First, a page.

KMC successfully represented Trenton North Ward Councilperson Jennifer Williams in an election contest trial  affirming her one-vote victory. Partner Michael L. Collins convinced the Court that a ballot with ovals filled for both candidates and a slash through the opposing candidate should have counted for Williams, mooting the challenge.

KMC regularly provides representation to candidates that are facing recounts, election contests, and other legal challenges. Please contact Michael L. Collins at 732-546-3670 or for more information.

Article Excerpt from New Jersey Globe:

Williams will remain on Trenton City Council after judge rejects election challenge

A Superior Court judge rejected an election challenge in Trenton’s North Ward today, at last bringing a monthslong saga to an end and allowing Councilwoman Jennifer Williams to keep the seat she won by one vote.

“I can’t wait to get back to work for the people of the North Ward,” Williams said after the hearing had concluded. “I’ve enjoyed being their councilperson so far, we’ve gotten a lot accomplished already, and I’m so excited to finish out these next two years and do even more… It’s a great day for Trenton, and it’s a great day for the North Ward.”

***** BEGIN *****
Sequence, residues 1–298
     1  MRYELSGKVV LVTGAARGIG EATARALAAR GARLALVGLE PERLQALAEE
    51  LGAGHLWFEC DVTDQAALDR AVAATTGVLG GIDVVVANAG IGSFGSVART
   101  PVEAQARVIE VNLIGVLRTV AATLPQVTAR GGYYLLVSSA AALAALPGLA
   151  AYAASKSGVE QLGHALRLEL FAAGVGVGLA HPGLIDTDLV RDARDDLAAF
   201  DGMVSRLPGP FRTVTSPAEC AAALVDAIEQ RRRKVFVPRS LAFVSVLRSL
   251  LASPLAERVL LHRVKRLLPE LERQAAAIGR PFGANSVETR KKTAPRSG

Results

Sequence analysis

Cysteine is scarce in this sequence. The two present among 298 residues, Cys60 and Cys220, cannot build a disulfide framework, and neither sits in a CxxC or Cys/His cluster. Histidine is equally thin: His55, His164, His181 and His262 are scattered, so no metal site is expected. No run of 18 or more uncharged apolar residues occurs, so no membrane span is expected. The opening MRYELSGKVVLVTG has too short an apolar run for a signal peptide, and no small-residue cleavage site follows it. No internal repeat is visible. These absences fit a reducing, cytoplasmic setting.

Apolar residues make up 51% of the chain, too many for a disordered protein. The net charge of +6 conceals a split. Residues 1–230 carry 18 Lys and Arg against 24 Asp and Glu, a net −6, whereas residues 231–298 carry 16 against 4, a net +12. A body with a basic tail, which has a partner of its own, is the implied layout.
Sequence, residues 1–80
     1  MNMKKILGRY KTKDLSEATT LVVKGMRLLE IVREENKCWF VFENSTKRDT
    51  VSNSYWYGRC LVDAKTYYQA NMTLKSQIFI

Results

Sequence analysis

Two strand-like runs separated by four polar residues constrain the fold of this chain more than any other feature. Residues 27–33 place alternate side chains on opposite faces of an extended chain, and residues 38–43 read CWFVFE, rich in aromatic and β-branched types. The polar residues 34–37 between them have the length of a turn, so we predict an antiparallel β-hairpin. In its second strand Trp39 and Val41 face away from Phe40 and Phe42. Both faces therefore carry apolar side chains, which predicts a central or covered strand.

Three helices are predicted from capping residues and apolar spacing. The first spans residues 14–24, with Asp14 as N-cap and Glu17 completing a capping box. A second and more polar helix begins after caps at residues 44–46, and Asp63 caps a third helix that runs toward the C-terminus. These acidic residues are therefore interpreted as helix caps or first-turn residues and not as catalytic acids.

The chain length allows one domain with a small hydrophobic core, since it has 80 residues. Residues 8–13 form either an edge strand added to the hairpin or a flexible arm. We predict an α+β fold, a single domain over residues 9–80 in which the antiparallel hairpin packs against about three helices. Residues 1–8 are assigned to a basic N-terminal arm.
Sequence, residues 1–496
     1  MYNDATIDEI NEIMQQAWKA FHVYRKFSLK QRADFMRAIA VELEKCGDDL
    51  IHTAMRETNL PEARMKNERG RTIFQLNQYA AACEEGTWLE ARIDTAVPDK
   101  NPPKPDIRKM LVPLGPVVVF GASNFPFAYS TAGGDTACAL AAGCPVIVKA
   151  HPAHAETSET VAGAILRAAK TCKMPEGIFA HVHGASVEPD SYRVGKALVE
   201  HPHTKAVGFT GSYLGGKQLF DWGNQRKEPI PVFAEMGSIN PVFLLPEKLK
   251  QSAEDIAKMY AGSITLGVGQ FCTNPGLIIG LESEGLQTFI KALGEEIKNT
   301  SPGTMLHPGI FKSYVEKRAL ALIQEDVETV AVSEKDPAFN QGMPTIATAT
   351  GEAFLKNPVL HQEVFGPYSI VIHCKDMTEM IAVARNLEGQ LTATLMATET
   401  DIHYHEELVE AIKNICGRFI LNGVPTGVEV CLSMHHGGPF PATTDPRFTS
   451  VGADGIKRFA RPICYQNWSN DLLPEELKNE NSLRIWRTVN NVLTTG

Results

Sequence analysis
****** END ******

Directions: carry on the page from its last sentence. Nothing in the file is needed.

. . . .

At issue in the hearing today were five rejected ballots, four of which were challenged by Ward and a fifth which was challenged by Williams.

Three of the ballots Ward contested were rejected for the exact same reason: they were mail-in ballots that were returned without the required inner envelope. Ward’s counsel argued that votes should not be discounted due to technical errors, but Judge William Anklowitz disagreed, saying that the inner envelopes are clearly required by law and that voter security is compromised without them.

“The board properly rejected these [ballots],” Anklowitz said. “There’s no way to be able to say that this voter made that ballot. There’s too much left open to figure out or have to guess at.”

The other rejection Ward challenged was a more complicated case involving a cure letter that a voter sent to the wrong place. The letter was received by the Superintendent of Elections when it should have been sent to the Board of Elections, and by the time it arrived at the proper location, it was too late for it to be added to the tally. Anklowitz determined that the voter’s mistake was a minor one and that their vote should have been counted.

Finally, one rejected ballot was contested by Williams; the ballot featured votes for both candidates but had a slash through the vote for Ward, which Williams said made the voter’s intent clear. Anklowitz agreed and ruled that the ballot should be counted, thus giving Williams an insurmountable two-vote lead and nullifying Ward’s challenge.

“Clearly, this voter meant to vote for Williams, and crossed out Ward,” Anklowitz said. “I don’t see any other way to read it. It’s just abundantly clear.”